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Melissa & Dave - Adventures at Sea

Did we land in Italy by mistake?

Landed in Iceland.  Cleared customs no problem – I was worried about the peanut butter we have packed and other food stuffs, but no customs forms and no questions.  Sheesh, even Mexico makes you fill out forms.

We thought our connection was late, Melissa wanted to try and catch the earlier connection to Paris, but Dave figured that then we would just be waiting in Paris for the bags.  So we grabbed a bit to eat.  Dave takes a second look at our tickets, and Ooops – that earlier flight IS our flight.  So we zip to the gate and were the last to board the flight.

We arrive in Paris and had planned to catch the train to the city, but with all our bags, we decided a taxi would be easier.  So we are walking towards the taxi stand when a guy pulls us aside and asks in broken English whether we want a taxi.  We say yes, and he says “just for you €65”.  Dave and I glance at each other, “no thanks”.  Then we come upon another guy outside.  €100 he says.  Uh oh we think maybe we should have gone with the €65 guy.  We get to the real taxi stand, and low and behold, its €50.  Hooray, our foreigner’s in a big city spidey sense is working despite the lack of sleep!

First order of business after checking into the hotel is to find food.  We walked ½ mile with no luck.  So we get on the subway.  Ooops, wrong way.  We get back on the right way toward the center of Paris.  And after walking some more… Voilà!  We find a genuine looking sidewalk Paris café.  Ahhhh…. We sit down and order a carafe of wine.  The waiter starts to object, catches himself, and then asks whether we are going to order food.  Later I asked him whether we had committed some sort of foolish American faux pas ordering a carafe of wine in the afternoon or something.  “No”, he replied, apologizing, “that was my fault”.  “But when shouldn’t you order it?”, I pressed.  “When you are not eating food, then most places will only serve you a glass of wine”, he replies.  Interesting.  I had no idea there were such etiquette around wine service.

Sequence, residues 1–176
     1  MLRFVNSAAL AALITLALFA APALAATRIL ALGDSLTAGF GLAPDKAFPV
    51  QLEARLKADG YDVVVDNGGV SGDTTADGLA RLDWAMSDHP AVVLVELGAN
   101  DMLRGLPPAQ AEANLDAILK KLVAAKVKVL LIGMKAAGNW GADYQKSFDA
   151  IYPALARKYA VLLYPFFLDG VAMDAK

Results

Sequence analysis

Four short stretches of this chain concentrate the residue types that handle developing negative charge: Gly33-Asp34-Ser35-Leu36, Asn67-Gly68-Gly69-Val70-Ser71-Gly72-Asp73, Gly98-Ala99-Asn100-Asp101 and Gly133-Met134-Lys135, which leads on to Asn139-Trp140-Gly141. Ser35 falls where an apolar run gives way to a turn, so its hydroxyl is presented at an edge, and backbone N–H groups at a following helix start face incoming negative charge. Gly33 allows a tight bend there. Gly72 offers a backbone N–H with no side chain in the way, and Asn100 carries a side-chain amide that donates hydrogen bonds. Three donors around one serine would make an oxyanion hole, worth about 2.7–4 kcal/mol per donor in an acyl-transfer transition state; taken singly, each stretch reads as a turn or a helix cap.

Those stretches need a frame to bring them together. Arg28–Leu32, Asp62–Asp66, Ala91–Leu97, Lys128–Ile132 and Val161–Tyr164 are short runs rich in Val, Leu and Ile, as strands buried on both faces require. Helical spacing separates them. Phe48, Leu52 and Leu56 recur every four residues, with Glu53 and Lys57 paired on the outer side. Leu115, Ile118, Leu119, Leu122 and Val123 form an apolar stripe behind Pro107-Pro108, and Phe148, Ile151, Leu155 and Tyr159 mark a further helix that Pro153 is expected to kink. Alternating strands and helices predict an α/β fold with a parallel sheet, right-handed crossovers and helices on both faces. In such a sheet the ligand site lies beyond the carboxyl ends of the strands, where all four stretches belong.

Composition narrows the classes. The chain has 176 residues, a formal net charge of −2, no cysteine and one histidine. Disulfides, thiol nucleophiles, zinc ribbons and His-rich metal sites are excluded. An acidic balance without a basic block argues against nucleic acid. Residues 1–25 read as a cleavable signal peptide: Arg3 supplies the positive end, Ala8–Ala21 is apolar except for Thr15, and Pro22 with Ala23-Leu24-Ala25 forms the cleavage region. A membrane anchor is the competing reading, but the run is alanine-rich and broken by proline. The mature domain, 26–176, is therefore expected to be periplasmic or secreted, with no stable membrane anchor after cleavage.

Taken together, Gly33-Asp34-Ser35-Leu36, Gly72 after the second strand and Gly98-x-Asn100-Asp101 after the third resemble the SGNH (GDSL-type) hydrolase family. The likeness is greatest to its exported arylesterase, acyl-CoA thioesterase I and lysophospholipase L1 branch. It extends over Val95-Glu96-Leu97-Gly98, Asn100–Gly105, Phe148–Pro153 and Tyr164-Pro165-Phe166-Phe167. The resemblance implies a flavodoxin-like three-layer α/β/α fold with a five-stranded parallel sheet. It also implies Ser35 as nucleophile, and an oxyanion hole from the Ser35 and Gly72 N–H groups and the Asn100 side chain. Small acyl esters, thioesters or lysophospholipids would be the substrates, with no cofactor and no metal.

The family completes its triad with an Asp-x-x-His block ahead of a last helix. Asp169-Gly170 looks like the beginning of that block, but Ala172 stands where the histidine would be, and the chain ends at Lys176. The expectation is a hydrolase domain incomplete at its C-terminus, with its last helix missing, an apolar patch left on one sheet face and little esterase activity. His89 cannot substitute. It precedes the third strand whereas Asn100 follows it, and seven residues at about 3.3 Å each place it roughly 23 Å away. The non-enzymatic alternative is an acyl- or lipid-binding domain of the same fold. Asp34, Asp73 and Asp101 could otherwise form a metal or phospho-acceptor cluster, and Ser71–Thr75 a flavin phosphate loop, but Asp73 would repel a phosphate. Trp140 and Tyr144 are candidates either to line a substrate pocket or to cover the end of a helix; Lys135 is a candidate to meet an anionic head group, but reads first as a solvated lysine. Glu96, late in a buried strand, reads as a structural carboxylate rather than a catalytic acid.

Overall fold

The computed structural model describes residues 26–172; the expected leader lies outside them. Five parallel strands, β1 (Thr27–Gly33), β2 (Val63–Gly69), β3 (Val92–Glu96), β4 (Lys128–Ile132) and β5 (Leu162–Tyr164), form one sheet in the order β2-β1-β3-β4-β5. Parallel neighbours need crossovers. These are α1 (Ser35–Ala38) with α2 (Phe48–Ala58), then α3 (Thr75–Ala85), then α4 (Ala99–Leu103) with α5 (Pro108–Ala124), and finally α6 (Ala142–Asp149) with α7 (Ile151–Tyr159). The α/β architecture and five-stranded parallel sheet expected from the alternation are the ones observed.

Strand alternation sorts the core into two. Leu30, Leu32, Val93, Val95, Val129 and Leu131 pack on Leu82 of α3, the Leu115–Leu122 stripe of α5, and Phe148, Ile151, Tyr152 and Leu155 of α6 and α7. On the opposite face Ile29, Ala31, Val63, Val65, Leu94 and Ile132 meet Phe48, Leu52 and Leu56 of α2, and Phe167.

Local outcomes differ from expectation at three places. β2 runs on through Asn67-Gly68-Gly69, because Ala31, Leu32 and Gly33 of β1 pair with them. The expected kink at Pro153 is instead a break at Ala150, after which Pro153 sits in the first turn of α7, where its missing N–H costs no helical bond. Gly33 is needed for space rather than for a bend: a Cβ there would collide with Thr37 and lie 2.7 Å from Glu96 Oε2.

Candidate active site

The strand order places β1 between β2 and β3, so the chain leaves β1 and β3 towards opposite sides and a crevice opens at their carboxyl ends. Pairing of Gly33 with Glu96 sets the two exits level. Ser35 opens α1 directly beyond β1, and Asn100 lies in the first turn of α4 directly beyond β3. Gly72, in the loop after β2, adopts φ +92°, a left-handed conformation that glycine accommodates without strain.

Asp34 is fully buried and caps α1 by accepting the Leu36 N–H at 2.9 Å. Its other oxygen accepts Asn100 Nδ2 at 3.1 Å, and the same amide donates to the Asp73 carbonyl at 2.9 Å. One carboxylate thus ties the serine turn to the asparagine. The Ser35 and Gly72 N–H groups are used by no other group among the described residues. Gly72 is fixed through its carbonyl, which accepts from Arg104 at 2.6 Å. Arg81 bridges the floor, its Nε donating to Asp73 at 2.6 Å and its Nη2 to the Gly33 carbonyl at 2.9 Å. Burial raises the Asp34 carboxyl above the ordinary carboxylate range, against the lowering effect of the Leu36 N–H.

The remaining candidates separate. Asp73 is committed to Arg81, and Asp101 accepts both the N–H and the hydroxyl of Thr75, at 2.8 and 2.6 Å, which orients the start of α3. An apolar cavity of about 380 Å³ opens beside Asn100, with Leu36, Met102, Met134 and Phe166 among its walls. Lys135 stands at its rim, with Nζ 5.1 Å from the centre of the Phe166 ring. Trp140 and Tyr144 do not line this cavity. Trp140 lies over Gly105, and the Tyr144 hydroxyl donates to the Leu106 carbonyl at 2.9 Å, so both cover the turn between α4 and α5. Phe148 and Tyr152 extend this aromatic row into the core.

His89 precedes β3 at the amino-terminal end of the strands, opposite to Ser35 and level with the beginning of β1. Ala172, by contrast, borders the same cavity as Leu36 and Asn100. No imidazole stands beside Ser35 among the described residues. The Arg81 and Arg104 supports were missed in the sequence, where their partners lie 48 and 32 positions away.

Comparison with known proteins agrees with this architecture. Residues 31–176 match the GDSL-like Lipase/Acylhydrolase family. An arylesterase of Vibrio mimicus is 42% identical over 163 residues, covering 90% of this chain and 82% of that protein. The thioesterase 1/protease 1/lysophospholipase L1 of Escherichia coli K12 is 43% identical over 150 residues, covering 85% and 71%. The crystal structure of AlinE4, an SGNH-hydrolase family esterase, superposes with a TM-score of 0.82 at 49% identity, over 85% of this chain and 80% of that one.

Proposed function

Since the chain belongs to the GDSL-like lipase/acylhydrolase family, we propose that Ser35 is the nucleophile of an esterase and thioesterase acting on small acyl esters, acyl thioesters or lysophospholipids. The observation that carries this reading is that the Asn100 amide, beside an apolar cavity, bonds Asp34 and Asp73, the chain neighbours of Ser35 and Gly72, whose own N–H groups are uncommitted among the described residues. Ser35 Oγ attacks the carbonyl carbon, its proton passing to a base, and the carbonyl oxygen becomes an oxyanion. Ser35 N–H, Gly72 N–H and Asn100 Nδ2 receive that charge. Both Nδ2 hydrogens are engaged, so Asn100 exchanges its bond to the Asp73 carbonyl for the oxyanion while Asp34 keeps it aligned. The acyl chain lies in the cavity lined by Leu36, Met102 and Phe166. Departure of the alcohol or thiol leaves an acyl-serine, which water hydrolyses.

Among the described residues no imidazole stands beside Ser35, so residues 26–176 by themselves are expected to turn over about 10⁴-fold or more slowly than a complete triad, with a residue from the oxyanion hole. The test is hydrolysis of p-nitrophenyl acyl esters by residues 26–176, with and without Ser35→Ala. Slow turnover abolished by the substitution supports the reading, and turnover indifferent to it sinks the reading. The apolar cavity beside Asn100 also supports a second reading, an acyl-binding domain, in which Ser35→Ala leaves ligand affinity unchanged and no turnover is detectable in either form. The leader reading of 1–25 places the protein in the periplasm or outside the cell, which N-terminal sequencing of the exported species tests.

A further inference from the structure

The waiter offers us the English menu.  This would have been admitting failure on my French (ok, it’s high-school French, but still I plan to practice while we are here!) before we even begin the trip, so we insist on getting the menu in French.  We order what we figure was veal and chicken.  When it arrives, we realize it was veal parmesan with spaghetti and a roasted chicken with risotto.  I start laughing.  It just dawned on me that we walked two miles to find an Italian restaurant.  So much for my French!  The food was good in any case.

We continued to walk around Paris as it is now late afternoon and our goal is to stay awake till 9pm, despite virtually no sleep.  We just kept walking as you can’t fall asleep if you are walking!

For dinner we found a restaurant near the hotel.  We ordered two glasses of the Cotes De Rhone (the only thing we recognized).  The girl brings us 2 glasses of white.  Since the menu was color coded, we were sure this was not like Zinfandel (can be red or rose).  We sent it back for the right one.  Or at least a red one.  I then asked about a dish that I thought might be a sausage of some sort.  Indeed it was “like ham” the waitress told us.  I order it with Haricots Vert (green beans).  It was delivered with French fries.  I say no, we ordered the beans.  The girl claims “they are out of the beans”.  Yeah, right.  I’d happily claim we were the victims of the famous French snobbery towards Americans you hear so much about, but alas, I fear nothing more than server incompetence this time.

And to say the dish was “like ham” was a stretch (albeit that I do chalk up to the language barrier).  Dave and I figured later it was pig innards of some sort or another.  It was ok to eat though.  Dave likened it to the Vietnamese sausages.  We will try anything once.  How the heck am I going to record “pig innards” in the 20/20 diet meal tracker anyway?

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